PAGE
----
Then came 1927, Al Jolson and the talkies. Hundreds of cinema musicians were sacked as the Vitaphone Orchestra and its ilk added tinny tracks to feature films. But then came the need to fill in those silent pauses in the programme, newsreels for instance and ice-cream intervals. The cinema organist was born. Quarter-hour entertainments were added to the film programmes, thus luring in the customers with an extra added "live" attraction.
Meanwhile the wireless, especially the BBC under Sir John Reith, laced its daily programmes with half-hours of organ interludes, going to town on Sundays with hours of hymns at the church organ. And when the Second World War broke out, almost all the BBC's advertised programmes were cancelled and on came Sandy MacPherson, the BBC staff organist who just about ran the instrument - and himself - into the ground. Fortunately the return to "business as usual" reintroduced popular programming and put the organ back into place as a low-budget slot-filler.
Robin Richmond was not only one of those regularly heard radio organists, he was one of the first swing-timers, concentrating on the latest dance band hits from America and arranging them for his rather special instrument. This was a Hammond Electronic Organ, and Richmond was in fact the first British organist to import such a thing from the States. His instrument, bought in 1934, actually bore the code number "001".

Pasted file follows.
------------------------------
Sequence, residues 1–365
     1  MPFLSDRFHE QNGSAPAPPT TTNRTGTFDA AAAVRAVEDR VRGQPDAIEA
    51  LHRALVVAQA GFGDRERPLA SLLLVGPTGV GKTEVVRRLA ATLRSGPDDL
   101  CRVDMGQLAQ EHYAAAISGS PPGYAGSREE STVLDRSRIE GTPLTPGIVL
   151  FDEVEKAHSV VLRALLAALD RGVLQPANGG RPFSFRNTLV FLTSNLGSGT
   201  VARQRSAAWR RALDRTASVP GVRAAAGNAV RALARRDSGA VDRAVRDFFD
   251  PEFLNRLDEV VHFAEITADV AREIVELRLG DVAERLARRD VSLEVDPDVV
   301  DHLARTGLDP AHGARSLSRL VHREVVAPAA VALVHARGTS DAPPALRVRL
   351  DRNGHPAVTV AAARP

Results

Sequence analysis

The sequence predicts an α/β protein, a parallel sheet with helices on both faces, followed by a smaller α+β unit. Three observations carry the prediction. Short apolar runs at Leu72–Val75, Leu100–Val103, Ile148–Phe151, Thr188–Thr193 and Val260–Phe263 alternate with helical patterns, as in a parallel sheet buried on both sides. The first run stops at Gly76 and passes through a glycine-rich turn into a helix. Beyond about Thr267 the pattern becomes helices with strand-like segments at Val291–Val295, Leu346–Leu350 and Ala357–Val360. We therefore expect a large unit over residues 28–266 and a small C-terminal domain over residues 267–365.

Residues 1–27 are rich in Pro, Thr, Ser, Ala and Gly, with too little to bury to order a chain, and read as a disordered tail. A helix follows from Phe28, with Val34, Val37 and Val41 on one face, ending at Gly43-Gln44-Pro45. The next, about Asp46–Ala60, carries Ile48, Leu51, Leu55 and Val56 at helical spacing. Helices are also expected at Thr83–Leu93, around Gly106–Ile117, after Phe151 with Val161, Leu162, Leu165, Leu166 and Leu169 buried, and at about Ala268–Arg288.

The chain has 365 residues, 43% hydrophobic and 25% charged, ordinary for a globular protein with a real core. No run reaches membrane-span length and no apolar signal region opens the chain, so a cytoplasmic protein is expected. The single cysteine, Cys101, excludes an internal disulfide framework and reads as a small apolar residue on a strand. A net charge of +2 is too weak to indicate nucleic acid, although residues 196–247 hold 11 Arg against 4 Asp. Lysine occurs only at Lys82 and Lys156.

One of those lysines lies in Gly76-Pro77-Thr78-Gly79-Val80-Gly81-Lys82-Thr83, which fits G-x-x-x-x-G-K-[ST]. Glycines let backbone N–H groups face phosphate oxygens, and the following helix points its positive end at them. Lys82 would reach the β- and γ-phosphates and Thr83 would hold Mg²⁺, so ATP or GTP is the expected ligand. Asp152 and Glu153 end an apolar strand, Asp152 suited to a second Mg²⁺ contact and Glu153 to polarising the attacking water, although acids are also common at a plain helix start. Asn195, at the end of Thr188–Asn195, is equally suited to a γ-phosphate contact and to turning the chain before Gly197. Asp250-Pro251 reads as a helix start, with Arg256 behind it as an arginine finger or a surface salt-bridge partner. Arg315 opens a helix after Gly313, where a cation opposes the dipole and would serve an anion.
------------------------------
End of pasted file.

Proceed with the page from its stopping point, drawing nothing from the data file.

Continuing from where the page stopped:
Robin Richmond was born in London in 1912, the son of a doctor. Neither of his parents had any musical talent, but the boy became interested in the organ while at Westminster School. Students were compelled to attend the daily morning service at Westminster Abbey except, Richmond discovered, those who studied the organ. Thus the delighted schoolboy was able to skip religion in favour of further musicianship. Advancing to London University to study law, Richmond failed his exams three times before finally giving up. He decided to turn his hobby into his full-time job.
Richmond's earliest employment, however, was in religion. He became organist at the Lambeth Mission Hall, which gave him a mixture of secular and serious to accompany. The hall showed silent films during the week and held services all day on Sunday. The job did not last for long; the minister sacked him for using drum-style percussion whilst accompanying the hymns.
Richmond now concentrated on popular dance music. His first West End appearance was in the stage revue It's in the Bag (1935) which was so devised that he had two special scenes created around his "organantics", a slang term coined around that time. In 1936 he joined the cast of Radio Pie, a touring revue starring the Two Leslies. This was a Thirties act which conjoined two popular comic singers, Leslie Sarony and Leslie Holmes, a teaming that foreshadowed the Sixties television partnership of the Two Ronnies (Barker and Corbett). This show travelled around the provincial music halls with huge success.